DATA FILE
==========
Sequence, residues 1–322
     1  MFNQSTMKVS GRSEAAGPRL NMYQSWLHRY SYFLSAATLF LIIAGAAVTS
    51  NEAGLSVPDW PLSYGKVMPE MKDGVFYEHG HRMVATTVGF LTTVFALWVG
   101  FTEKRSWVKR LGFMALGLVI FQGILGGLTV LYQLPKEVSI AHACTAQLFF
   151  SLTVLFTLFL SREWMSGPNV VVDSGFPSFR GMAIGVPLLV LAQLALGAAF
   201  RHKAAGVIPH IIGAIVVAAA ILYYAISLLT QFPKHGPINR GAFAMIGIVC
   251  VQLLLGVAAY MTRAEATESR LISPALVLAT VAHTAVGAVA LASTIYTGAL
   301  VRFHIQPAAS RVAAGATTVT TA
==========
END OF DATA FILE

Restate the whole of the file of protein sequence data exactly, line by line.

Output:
Sequence, residues 1–322
     1  MFNQSTMKVS GRSEAAGPRL NMYQSWLHRY SYFLSAATLF LIIAGAAVTS
    51  NEAGLSVPDW PLSYGKVMPE MKDGVFYEHG HRMVATTVGF LTTVFALWVG
   101  FTEKRSWVKR LGFMALGLVI FQGILGGLTV LYQLPKEVSI AHACTAQLFF
   151  SLTVLFTLFL SREWMSGPNV VVDSGFPSFR GMAIGVPLLV LAQLALGAAF
   201  RHKAAGVIPH IIGAIVVAAA ILYYAISLLT QFPKHGPINR GAFAMIGIVC
   251  VQLLLGVAAY MTRAEATESR LISPALVLAT VAHTAVGAVA LASTIYTGAL
   301  VRFHIQPAAS RVAAGATTVT TA